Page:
Mario Kart 8 Review


Face it, the Mario Kart franchise has never been one for the hardcore racing simulator fan. It’s always been a series geared more towards the chaotic than the realistic.

With Mario Kart 8, Nintendo takes that chaotic premise of games past and turns the dial up to 11, creating the most exciting Mario Kart racer yet.

The game features a roster of 30 characters ranging from the usual Mario brothers to the brand new Koopa Kids. Yes, all seven of the little demons are included in Mario Kart 8.

Ultimately, Mario Kart 8 is a game that will definitely help Nintendo sell a few more Wii Us to families.

With those 30 racers, most of which are unlocked throughout your early experience with the game, players can race on 32 different tracks that also become unlocked as you complete the various circuits available. Also unlockable are various cart upgrades that come after collecting coins during races.

On the track, the game plays as well as it ever has. The game relies more on a player’s skill on the course than the luck of the draw with the different items. If you’re good enough, a red shell or lightning bolt won’t hurt you too much in the long run.

Mario-Kart-8-Wii-U-Official-Screenshots-Nintendo-013The new anti-gravity mode doesn’t require you to actually play sideways or upside, but it does add a welcomed new race mechanic to the franchise. While in anti-gravity mode, players have a looser-controlling vehicle, and can also gain speed boosts from ramming into opposing drivers. However, your opponent can also receive the boost when you hit them, so deciding what angle to take when trying to bump another driver out of the way can actually make, or break, a race.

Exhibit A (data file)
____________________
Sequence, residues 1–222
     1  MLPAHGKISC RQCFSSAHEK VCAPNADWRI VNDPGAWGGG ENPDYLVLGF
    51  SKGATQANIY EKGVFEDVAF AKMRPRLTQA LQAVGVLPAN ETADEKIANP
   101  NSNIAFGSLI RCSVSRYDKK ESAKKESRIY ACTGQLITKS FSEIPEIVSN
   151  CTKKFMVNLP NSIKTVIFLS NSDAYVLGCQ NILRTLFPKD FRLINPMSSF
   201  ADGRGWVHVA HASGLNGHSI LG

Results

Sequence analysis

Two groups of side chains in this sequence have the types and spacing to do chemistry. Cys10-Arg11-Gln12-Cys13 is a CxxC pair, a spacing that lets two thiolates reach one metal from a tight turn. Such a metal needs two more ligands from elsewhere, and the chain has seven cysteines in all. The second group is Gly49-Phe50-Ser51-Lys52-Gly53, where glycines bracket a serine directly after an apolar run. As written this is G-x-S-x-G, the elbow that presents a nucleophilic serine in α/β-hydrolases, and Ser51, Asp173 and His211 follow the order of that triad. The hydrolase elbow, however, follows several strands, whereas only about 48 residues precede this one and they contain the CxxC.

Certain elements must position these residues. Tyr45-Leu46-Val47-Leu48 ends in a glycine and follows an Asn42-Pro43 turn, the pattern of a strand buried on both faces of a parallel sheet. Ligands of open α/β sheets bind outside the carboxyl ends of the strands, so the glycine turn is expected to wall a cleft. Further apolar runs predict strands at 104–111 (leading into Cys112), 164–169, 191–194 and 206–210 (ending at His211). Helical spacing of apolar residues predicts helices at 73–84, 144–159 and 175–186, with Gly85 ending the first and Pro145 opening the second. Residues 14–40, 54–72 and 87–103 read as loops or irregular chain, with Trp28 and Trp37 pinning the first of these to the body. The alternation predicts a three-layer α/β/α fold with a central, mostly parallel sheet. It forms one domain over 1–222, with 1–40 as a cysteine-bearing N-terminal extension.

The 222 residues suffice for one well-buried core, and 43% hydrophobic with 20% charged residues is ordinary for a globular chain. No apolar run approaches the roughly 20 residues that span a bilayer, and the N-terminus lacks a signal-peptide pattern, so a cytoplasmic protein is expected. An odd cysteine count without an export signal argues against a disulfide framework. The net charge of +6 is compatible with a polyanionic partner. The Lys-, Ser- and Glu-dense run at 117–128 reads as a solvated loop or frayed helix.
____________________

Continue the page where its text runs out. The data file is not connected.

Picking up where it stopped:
Four new items enter the mix in the form of the super horn, boomerang flower, piranha plant and crazy eight. The crazy eight pulls up eight random items around your driver that you have at your disposal. They also block incoming attacks if the attacking item hits one of the circling ones. The super horn is the only way to stop a blue shell if you are in first place, so holding on to it while you’re in the lead can prove to be a very beneficial strategy.

Speaking of the blue shell of doom, I found that it was awarded to a driver way more often than in past titles.  It always came up, at least, once a race, which I found to be too many times for an item that devastating. There were times where the star or Bullet Bill wouldn’t appear for four/five races at a time, but the blue shell always found its way into the fold.

In terms of online play, the game benefits from its simple jump in and play method. It’s easy to set up tournaments, or jump into single races with players throughout the world. However, the restrictions of this mode really shine a negative light on Nintendo’s failure to embrace online play.

Chat is restricted only to the pre-race lobby, and you are only allowed to chat with players on your friends list. That would be ok, but the fact that you can’t even invite friends to races via the game make it near impossible to set up private races with friends without using outside communication means.

But while online play certainly has its flaws due to restrictions, it’s nothing compared to what Nintendo has done to the once fun Battle mode.

Gone are the tracks designed specifically for the battle mode. Now, players get to choose from the game’s normal tracks – minus anti-gravity — to take part in the balloon popping “fun”. Unfortunately, there isn’t much fun to be had.

During battle, even with 12 players, I found myself spending more time looking for opponents than actually battling with them. When a game time is set to only five minutes, this makes the likelihood of you actually destroying all three of an opponent’s balloons slim to none, at best.

This is a mode more suited for smaller, confined areas like this instead of using large tracks. The changes to how it’s played really ruined what used to be a fun mode to enjoy with friends.

Despite the flaws with the game’s battle mode and online play, it doesn’t take away from the fact that Mario Kart 8 is as good a game that a non-handheld Nintendo console has seen in quite some time.

Ultimately, Mario Kart 8 is a game that will definitely help Nintendo sell a few more Wii Us to families. It’s a game that brings back all of the fun from the previous versions, and improves upon it in major ways.

From the zero-gravity sections of the tracks to the new items and characters, Mario Kart 8 is a title that should no doubt help the Wii U rebound from the current struggles.

8

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